As someone who has lived with the Palestinian-Israeli conflict for over the last two decades of my life, I was sad and frustrated when hearing about the 13 soldiers killed in eastern Turkey yesterday. Like a ritual I am too far familiar with, I waited until the morning to read the names of the fallen soldiers, to hear their stories, to find out who they were; to find out who the people in the uniforms really were. I also read alternative news sources to learn about the other side, the Kurdish fighters killed; understanding that both the soldiers and the ones fighting are both Turkish citizens; both caught up in a struggle which has gone on far too long. While there are counter narratives at what happened, I do not find comfort in any of the sources. Last night, the dreams of young people were snatched away by gunfire and explosion, leaving their families to mourn for days, months, years, and lifetimes.
The clashes come at a time of great uncertainty in Turkey. Following the elections, some of the independent candidates affiliated with the mostly Kurdish Peace and Democratic Party (BDP), have been blocked from entering the parliament due to the fact that they are awaiting trial for crimes related to belonging to an affiliate group of the outlawed PKK Kurdish Workers Party. Topping the list is Hatip Dicle, plus six others out of the total of 36 independent candidates, who are barred from entering the parliament. It is important to point out also that in the case of Hatip Dicle, the Supreme Election Council (YSK) approved his candidacy previous to the election and only after his victory did they announce that they would not accept his candidacy handing the parliamentary seat over the to the ruling AK party candidate. Until now, no compromise has been reached and the 36 elected members of parliament have made it clear that they will not enter parliament until every last one of their members are allowed to enter parliament.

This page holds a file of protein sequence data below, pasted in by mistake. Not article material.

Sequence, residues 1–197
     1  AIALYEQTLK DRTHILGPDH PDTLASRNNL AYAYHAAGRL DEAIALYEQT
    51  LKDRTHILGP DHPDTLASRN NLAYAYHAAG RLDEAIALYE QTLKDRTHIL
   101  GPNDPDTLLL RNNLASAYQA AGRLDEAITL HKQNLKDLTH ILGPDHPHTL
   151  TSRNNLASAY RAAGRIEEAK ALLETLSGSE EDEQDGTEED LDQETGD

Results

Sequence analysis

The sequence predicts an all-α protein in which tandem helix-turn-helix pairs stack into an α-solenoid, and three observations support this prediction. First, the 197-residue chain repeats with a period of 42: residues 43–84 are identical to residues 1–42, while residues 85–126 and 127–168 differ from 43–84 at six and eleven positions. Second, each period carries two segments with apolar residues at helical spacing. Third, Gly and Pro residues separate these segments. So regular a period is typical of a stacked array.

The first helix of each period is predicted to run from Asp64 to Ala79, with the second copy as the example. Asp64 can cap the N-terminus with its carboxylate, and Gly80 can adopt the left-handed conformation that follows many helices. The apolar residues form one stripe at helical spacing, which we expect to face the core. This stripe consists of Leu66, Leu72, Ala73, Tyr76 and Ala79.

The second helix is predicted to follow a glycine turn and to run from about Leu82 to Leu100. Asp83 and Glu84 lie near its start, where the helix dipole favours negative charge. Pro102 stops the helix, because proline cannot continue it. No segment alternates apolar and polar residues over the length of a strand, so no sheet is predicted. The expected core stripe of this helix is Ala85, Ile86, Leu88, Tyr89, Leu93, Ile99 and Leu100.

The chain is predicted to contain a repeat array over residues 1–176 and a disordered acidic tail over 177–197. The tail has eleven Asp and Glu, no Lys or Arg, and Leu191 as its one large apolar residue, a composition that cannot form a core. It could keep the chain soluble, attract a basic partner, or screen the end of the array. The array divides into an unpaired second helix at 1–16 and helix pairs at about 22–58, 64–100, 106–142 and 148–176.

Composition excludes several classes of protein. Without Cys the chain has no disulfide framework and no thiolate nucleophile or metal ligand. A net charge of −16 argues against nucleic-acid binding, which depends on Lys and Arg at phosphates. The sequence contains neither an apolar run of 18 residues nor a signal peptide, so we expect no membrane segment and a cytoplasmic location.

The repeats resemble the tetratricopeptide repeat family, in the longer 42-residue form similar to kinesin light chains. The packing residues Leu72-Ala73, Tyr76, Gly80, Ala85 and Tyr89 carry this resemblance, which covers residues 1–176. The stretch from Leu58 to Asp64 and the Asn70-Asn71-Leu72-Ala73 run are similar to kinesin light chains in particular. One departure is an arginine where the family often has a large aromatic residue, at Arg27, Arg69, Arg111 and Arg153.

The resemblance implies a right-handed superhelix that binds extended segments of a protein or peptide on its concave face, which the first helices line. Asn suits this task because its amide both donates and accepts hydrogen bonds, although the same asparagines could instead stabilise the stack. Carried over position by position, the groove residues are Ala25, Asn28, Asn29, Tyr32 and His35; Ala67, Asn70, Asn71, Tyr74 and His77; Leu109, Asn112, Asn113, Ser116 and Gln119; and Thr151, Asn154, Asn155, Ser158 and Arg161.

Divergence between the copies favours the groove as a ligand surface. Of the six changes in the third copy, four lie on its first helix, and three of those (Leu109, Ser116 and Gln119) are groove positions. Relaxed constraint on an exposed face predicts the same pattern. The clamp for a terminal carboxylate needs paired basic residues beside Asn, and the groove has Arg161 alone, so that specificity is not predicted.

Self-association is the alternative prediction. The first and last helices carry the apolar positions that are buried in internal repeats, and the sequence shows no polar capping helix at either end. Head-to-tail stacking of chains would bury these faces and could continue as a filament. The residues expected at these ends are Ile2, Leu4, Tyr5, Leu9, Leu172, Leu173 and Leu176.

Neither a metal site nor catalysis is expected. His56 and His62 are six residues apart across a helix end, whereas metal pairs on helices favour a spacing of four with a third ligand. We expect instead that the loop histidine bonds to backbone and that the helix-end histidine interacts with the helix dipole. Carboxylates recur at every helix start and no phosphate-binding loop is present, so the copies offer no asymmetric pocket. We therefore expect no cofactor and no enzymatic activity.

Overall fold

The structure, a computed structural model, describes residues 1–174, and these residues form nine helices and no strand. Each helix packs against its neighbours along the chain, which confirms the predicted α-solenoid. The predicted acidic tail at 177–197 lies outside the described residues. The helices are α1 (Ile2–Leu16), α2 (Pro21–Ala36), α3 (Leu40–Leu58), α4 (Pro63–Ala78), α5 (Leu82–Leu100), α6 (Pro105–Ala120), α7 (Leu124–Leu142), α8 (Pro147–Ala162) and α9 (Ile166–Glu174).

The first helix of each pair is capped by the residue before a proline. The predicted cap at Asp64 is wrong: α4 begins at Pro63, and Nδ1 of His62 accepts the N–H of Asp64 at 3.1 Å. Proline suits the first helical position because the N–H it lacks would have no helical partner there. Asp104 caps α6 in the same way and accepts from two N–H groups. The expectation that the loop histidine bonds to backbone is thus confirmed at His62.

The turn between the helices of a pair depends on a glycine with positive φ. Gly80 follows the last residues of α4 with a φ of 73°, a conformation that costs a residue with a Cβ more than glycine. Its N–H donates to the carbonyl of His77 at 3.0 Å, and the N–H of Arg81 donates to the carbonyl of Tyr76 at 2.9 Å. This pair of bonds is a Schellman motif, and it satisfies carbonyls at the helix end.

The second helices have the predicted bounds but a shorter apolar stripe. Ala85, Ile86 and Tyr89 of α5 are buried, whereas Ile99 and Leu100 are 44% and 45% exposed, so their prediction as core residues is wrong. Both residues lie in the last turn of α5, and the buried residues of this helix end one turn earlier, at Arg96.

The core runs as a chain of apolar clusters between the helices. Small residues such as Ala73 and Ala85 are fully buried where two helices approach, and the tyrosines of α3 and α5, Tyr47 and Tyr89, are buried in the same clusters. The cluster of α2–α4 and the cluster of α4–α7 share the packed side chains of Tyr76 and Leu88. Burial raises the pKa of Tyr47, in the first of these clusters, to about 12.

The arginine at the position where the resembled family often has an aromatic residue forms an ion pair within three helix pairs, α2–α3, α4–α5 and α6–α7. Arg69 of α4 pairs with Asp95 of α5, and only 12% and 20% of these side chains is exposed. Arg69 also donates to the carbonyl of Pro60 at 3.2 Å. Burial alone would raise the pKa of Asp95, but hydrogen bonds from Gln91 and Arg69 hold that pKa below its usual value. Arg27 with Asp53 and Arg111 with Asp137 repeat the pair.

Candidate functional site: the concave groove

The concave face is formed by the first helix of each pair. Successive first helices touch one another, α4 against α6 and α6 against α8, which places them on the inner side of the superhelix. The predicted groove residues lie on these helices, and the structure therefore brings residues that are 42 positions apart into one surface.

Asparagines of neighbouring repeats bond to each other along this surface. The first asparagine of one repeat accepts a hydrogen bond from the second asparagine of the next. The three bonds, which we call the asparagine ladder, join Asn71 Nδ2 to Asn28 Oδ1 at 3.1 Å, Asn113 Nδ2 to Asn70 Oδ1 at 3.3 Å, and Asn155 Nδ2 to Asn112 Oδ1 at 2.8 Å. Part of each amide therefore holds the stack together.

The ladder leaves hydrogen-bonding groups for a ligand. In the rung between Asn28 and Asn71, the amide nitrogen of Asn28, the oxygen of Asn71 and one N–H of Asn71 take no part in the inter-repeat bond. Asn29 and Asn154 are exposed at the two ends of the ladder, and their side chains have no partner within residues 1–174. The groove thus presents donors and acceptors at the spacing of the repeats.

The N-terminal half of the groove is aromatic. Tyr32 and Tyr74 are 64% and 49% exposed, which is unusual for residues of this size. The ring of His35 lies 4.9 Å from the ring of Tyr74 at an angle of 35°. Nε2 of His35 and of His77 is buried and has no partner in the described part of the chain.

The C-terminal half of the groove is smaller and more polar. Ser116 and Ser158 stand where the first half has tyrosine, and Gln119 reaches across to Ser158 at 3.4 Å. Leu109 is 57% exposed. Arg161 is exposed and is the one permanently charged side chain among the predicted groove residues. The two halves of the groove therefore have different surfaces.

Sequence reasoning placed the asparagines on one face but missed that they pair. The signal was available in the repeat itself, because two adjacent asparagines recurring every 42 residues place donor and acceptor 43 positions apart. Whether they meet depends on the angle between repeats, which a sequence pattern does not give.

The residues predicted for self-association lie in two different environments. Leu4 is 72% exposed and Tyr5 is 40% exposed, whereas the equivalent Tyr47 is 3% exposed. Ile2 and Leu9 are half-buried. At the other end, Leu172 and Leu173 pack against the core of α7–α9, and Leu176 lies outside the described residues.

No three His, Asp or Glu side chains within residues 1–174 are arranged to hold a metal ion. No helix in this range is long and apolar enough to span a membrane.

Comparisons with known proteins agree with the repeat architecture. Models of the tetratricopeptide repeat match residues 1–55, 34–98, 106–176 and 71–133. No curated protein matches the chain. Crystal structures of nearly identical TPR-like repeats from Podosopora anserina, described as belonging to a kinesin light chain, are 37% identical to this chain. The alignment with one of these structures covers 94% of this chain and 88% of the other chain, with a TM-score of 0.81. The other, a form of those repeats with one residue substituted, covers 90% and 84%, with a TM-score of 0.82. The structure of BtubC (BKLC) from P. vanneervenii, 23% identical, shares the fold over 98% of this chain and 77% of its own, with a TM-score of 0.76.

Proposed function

If this was not enough, the Democratic Society Congress (DTK), an umbrella group for Kurdish groups has declared they are aiming for democratic autonomy, something that stands in complete contradiction to the Turkish state, with even the ruling AK party, once sympathetic to Kurdish aspirations, not even coming close to accepting. The congress’s findings were announced by Aysel Tugluk a BDP elected MP, who stated that the “Kurdish people do not want to be a non-status population anymore. There is no other population in the world like Kurds, which include 40 million people and do not have rights. We, as Kurdish people, are declaring our democratic sovereignty, holding to Turkey’s national unity on the basis of an understanding of a common motherland, territorial unity and the perspective of a democratic nation.”
While it was clear that the Kurdish demands have risen, something to be expected after securing such an important block in the parliament, it is incumbent upon them to ensure that the Kurdish struggle remains within the realm of civil action and that they work hard to secure a new ceasefire between the Turkish state and the PKK. Even if the BDP supports passive resistance and knows that the Kurdish citizens of Turkey have gained more through civil struggle than military, on this day it needs to reiterated. Likewise, the AK party and the opposition People's Republican Party (CHP) need to quickly find a solution to the parliamentary crisis and to ensure that work on a new constitution can begin which will offer the Kurdish society rights which they have been demanding for decades. The alternative is more bloodshed and violence; something that if it is not dealt with effectively will certainly only get worse.
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